And what followed? Was Russian society shocked? Did enlightened and honest people — the Liberals — express their in­dignation and repulsion? Did they at least refrain from lauda­tion of this government and from participating in it and en­couraging it? Not at all. From that time a specially intense competition in adulation commenced, both of the father and of the son who imitated him. And not a protesting voice was heard, except in one anonymous letter, cautiously expressing disapproval of the young Tsar’s conduct. And, from all sides, fulsome and flattering addresses were brought to the Tsar, as well as (for some reason or other) ikons, [xii] which nobody wanted and which served merely as objects of idolatry to be­nighted people. An insane expenditure of money, the coronation, amazing in its absurdity, was arranged; the arrogance of the rulers and their contempt of the people caused thousands to perish in a fearful calamity, which was regarded as a slight eclipse of the festivities, which should not terminate on that account. [xiii] An exhibition was organized, which no one wanted except those who organized it, and which cost millions of rubles. In the Chancery of the Holy Synod, with unparalleled effrontery, a new and supremely stupid means of mystifying people was devised, viz., the enshrinement of the incorruptible body of a saint whom nobody knew anything about. The stringency of the censor was increased. Religious persecution was made more severe. The “state of siege,” i.e. the legalization of lawlessness, was continued, and the state of things is still becoming worse and worse.

And I think that all this would not have happened if those enlightened, honest people, who are now occupied in Liberal activity on the basis of legality, in local governments, in the committees, in censor-ruled literature, etc., had not devoted their energies to the task, of circumventing the government, and, without abandoning the forms it has itself arranged, of finding ways to make it act so as to harm and injure itself; [xiv] but, abstaining from taking any part in government or in a business bound up with government, had merely claimed their rights as men.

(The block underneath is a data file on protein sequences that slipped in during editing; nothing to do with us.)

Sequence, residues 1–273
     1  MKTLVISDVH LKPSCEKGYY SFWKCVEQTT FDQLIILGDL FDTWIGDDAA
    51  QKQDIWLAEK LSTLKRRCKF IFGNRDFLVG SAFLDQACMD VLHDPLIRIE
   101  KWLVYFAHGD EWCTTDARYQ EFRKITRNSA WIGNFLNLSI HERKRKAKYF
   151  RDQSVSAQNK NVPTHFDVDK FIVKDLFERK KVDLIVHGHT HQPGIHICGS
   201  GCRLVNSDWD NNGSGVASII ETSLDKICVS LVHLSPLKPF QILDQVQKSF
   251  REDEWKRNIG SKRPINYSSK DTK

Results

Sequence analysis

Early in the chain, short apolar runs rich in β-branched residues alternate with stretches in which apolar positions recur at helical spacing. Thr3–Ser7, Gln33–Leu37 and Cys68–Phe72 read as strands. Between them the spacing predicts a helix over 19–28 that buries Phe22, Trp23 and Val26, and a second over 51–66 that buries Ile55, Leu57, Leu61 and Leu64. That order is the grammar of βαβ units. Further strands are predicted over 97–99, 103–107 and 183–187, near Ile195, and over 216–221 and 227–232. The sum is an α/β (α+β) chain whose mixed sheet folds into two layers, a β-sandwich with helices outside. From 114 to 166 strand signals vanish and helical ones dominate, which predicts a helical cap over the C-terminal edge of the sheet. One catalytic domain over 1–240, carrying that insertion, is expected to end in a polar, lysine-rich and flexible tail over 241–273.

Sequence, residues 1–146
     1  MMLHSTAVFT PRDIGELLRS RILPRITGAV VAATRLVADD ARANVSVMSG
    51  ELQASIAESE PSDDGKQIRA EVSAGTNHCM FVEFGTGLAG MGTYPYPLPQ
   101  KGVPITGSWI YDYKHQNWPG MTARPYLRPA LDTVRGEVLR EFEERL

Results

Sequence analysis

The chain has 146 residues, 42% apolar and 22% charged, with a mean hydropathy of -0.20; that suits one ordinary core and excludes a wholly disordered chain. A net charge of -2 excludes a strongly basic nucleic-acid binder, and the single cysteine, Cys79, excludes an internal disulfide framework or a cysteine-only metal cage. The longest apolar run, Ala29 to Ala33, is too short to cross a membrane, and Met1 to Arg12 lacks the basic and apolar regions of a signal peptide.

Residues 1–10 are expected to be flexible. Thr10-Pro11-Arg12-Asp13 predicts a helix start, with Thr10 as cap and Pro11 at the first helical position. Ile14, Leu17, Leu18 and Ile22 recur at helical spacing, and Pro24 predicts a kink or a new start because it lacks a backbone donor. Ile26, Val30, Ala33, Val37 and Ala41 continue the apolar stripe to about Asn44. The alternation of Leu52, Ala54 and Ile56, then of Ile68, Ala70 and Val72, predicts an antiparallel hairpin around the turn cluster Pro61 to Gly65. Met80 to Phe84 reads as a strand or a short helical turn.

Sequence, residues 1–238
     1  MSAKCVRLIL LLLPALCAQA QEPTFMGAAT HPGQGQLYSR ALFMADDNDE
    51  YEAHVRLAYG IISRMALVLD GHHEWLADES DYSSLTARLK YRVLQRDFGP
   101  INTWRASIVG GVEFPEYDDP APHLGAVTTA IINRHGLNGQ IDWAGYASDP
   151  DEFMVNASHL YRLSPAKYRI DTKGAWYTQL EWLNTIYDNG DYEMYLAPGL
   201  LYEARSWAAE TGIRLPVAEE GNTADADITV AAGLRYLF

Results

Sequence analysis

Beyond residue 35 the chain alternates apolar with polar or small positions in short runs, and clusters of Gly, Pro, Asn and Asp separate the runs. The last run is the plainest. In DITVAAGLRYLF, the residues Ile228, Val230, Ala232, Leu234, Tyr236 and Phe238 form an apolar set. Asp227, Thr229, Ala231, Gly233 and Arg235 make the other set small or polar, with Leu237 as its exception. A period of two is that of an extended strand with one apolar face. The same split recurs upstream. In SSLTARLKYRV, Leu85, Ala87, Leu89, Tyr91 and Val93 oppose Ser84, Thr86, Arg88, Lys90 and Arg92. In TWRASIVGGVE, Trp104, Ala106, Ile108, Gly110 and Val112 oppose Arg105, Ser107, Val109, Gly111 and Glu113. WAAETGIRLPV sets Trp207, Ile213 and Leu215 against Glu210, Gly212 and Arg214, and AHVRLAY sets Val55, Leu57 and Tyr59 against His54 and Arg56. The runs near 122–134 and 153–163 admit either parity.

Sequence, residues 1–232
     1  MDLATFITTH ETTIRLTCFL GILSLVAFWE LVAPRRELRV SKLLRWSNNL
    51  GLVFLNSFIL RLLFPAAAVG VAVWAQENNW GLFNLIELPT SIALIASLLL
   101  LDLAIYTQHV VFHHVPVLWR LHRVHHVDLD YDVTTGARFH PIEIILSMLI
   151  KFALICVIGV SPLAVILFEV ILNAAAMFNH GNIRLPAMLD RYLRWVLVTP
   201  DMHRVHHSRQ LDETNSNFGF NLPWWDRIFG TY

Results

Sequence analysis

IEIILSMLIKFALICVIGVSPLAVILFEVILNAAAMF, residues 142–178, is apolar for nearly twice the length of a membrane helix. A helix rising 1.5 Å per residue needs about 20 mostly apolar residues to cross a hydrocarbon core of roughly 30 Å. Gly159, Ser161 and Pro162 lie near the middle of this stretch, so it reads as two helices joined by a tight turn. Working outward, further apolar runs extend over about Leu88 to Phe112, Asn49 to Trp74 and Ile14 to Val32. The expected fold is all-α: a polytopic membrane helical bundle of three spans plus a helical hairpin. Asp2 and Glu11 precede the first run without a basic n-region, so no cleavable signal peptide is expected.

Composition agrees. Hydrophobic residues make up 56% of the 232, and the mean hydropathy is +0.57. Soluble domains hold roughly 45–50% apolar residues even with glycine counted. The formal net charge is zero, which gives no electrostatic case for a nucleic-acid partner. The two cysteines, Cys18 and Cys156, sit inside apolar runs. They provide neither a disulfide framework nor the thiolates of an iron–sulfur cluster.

“You wish, instead of ‘Judges of the Peace,’ to institute Zemsky Nachalniks with birch rods; that is your business, but we will not go to law before your Zemsky Nachalniks, and will not ourselves accept appointment to such an office:  you wish to make trial by jury a mere formality; that is your business, but we will not serve as judges, or as advocates, or jurymen:  you wish under the name of a ‘state of siege,’ to establish despotism; that is your business, but we will not participate in it, and will plainly call the ‘state of siege’ despotism, and capital punishment inflicted without trial, murder:  you wish to organize cadet corps, or classical high schools, in which military exercises and the Orthodox faith are taught; that is your affair, but we will not teach in such schools, or send our children to them, but will educate our children as seems to us right:  you decide to reduce the local government boards (zemstvos) to impotence; we will not take part in it: you prohibit the publication of literature that displeases you; you may seize books and punish the printers, but you cannot prevent our speaking and writing, and we shall continue to do so:  you demand an oath of allegiance to the Tsar; we will not accede to what is so stupid, false, and degrading: you order us to serve in the army; we will not do so, because wholesale murder is as opposed to our conscience as individual murder, and above all, because the promise to murder whomsoever a commander may tell us to murder is the meanest act a man can commit: you profess a religion which is a thousand years behind the times, with an ‘Iberian Mother of God,’ [xv] relics, and coronations; that is your affair, but we do not acknowledge idolatry and superstition to be religion but call them idolatry and superstition, and we try to free people from them.”

And what can government do against such activity? It can banish or imprison a man for preparing a bomb, or even for printing a proclamation to working-men; it can transfer our “Literature Committee” from one ministry to another, or close a Parliament — but what can a government do, with a man who is not willing publicly to lie with uplifted hand, or who is not willing to send his children to an establishment which he considers bad, or who is not willing to learn to kill people, or is not willing to take part in idolatry, or is not willing to take part in coronations, deputations, an ad­dresses, or who says and writes what he thinks and feel?  By prosecuting such a man, government secures for him general sympathy, making him a martyr, and it undermines the foundations on which it is itself built, for in so acting, instead of protecting human rights, it itself infringes them.